In the same vein, most people aren’t trying to buy anything that isn’t crucial right now. Have you seen how many people lost their jobs? How many unemployment claims have been filed? Do you really think now is the time to start pushing ads for bags that cost $600 or even an industry event that costs $1200 per ticket? I sure as hell don’t.

Also, none of this stuff is actually doing the thing that your products are supposed to be doing in the first place: solving people’s problems. How does a six hundred dollar bag help me in the middle of a pandemic? Where am I going right now to show off a $200 pair of shoes? Sure, I want the latest Corvette but it would be a bit of overkill to get it just to go to the grocery store and back, don’t you think?

The problems people are having, or at least are mostly focused on, today are so not the problems they had four months ago.

It could have been that the biggest issue someone had back then was making a better widget and now it’s just staying in business at all. If that’s the case, your $300 left widget cogwheel optimization book, while still would be helpful, is not exactly top of people’s minds. It’s not going to keep the lights on in the factory, it’s not going to help cover downtime expenses and its not going to help them find one new customer. Basically, you went from an essential to a nice to have. Deal with it.

Find out what your customer needs today – not last month, not three months ago – and do THAT. If you don’t currently do that, find a way to do it because that problem is probably going to their main concern for at least a few months or maybe years to come.

Marketing As Usual

Another problem I’m seeing is people literally pretending that the world hasn’t actually changed.

People are just happily running their ads for their stuff and expect the money to just keep on rushing in like it always has been. Same old message, same old campaigns, same old products, same old everything.

Nope. Sorry. That’s not going to work now.

You know how people keep on saying ‘the new normal’ and how everything has changed? Well, it’s true. Your standard company line isn’t gonna cut it now. The same ads you’ve been running for months or, in some cases, years, just arent’ good enough.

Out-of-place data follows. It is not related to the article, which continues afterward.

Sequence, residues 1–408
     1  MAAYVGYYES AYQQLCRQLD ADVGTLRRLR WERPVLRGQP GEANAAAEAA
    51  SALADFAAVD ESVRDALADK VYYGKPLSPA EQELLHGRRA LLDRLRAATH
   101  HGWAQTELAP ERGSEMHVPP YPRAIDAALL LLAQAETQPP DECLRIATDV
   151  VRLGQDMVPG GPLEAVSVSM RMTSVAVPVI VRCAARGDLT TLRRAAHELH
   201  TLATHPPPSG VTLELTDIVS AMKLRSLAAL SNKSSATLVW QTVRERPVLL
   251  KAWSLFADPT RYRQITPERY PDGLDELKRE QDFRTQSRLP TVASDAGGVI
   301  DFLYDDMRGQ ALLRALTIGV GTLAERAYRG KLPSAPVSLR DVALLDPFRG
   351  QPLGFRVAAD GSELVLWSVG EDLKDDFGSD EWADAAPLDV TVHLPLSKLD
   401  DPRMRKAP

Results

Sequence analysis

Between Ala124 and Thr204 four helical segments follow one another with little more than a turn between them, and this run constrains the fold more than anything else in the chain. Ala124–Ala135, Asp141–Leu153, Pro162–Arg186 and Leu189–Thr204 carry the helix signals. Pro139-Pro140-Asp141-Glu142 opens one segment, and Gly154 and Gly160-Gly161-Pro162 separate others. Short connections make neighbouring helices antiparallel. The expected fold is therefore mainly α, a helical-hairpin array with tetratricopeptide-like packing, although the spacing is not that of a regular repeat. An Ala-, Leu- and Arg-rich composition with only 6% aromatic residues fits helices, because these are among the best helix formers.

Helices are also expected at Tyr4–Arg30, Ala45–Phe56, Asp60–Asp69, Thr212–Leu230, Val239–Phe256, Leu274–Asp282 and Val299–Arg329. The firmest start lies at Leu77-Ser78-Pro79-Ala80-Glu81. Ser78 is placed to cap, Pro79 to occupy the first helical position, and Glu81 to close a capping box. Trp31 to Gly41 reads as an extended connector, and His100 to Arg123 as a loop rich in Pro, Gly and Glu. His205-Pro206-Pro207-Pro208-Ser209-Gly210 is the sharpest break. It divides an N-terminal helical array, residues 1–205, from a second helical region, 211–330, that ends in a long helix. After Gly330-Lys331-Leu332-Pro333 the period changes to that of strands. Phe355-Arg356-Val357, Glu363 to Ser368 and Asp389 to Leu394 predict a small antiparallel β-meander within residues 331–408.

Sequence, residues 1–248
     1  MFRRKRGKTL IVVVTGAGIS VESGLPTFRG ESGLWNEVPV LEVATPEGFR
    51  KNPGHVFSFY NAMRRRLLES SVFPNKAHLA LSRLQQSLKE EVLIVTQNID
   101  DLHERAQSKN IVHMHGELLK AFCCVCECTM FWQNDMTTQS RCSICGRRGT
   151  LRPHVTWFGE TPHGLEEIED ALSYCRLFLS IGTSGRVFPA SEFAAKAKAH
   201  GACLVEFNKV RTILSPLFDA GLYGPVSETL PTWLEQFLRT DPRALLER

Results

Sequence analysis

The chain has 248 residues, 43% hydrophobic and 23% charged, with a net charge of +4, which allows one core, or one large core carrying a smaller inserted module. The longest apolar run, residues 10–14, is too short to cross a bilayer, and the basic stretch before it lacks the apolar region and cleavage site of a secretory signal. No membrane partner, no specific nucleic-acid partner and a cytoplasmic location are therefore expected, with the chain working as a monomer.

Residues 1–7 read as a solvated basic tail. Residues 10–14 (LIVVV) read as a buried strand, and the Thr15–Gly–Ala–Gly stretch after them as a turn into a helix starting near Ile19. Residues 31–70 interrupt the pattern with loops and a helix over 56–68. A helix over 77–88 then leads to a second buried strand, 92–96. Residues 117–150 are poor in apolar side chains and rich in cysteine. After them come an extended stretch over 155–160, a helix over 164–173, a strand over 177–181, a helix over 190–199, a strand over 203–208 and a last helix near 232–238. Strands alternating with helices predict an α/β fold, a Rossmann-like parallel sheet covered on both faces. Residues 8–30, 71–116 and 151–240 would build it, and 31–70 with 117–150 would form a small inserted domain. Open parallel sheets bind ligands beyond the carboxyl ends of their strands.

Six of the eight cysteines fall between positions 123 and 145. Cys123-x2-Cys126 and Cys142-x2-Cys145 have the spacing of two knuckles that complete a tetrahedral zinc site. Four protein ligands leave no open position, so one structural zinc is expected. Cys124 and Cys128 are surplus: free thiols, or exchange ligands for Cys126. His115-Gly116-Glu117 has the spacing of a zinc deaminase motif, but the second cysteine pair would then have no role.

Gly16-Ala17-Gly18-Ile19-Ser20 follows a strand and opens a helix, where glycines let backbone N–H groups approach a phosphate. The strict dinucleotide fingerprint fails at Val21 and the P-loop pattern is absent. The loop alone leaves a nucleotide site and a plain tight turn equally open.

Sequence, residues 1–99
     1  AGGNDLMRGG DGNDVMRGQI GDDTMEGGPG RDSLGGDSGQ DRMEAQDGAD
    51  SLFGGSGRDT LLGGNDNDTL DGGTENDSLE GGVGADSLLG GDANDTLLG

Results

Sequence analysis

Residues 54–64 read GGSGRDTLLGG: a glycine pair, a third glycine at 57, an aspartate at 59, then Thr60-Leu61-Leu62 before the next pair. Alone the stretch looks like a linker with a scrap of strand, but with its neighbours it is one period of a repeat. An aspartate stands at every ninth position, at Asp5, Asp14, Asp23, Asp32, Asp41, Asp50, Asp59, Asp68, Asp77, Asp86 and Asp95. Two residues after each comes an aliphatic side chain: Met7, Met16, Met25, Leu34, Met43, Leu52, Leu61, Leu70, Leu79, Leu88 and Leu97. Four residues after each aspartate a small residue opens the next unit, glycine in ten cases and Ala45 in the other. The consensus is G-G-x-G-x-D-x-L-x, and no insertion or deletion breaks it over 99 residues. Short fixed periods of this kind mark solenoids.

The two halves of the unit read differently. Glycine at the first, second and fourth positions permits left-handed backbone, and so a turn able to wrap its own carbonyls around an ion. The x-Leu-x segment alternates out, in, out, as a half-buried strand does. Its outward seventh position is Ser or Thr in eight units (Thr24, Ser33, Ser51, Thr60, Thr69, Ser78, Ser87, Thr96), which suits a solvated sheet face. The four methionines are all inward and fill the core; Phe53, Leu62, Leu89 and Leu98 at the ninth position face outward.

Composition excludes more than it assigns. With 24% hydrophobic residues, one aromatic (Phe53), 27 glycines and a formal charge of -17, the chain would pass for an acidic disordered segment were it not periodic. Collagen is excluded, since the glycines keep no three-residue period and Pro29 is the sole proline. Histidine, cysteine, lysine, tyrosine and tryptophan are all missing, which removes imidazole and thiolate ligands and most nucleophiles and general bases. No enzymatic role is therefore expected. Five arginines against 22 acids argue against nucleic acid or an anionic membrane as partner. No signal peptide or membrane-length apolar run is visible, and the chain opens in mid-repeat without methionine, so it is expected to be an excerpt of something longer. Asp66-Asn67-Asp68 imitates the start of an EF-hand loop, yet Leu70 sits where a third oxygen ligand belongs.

Get in there and update your messaging. You should be doing this on a regular basis anyway but especially now. Check for any tone deaf copy or images, stop any ad campaigns that are currently irrelevant and quit wasting money on advertising stuff no one is buying.

That being said, there’s a lot of people who are either seriously cutting back or stopping all of their paid advertising altogether. I call this a prime opportunity for you. Why? Because how easy is it to win auctions that a lot less people are bidding on?

Sure, you don’t want to win these ad spaces with the same old ‘sell, sell, sell!’ garbage but you’ll want your updated branding messages there instead. Trust me, keep your name out there in a positive light and it’s like putting money in the bank.

This leads me to my next point…

Not Marketing At All

Look, I get it. With all that’s going on and the reluctance of people to spend money on non-essentials, it can feel like theres just no point in trying to market anything at all right now. I understand it, I get it – but it’s wrong.

Now is a GREAT time to market for a few reasons, if you do it right.

As we talked about before, people are not trying to spend money on stuff they don’t need and even on stuff they DO need if it’s too expensive. This is reality. Another reality is that fact that people are still watching what brands are doing and whatever you do, good, bad or indifferent, is going to be remembered when people are ready to start spending again.

Articles have been written saying that people are going to be more likely to buy from brands that have a had a proper response to this crisis. They want to see how you’re helping – not how you’re capitalizing. They don’t care about all of your ‘HEY GUESS WHAT, WE’RE IN UNCERTAIN TIMES, Y’ALL!’ emails or social posts or blogs. They want to know what you’re doing about it.

Now isn’t the time for the hard sell. Now is the time to work on brand awareness and brand sentiment. In fact, there hasn’t been a better time to work on that. If you can do anything to help, whether that’s giving away something for free, having your staff volunteer in the community or even honoring products or services at a later date that had to be canceled – with NO STRINGS ATTACHED – that’s what you do.

The world is literally watching and they want to see what you do. Don’t disappoint.

The Bottom Line

Realistically, marketing right now isn’t easy but at the same time, it is.

Marketing has changed but, at it’s core, it really hasn’t.

It is now what it always has been:

  • Delivering the right message to the right people at the right time.
  • Knowing and solving people’s problems.
  • Keeping everything you do customer-centric.

It’s really not that hard, it’s when you start trying to get clever and trying to figure out a way to turn everything, even a current global crisis, into a way to make a quick buck is when you get into trouble.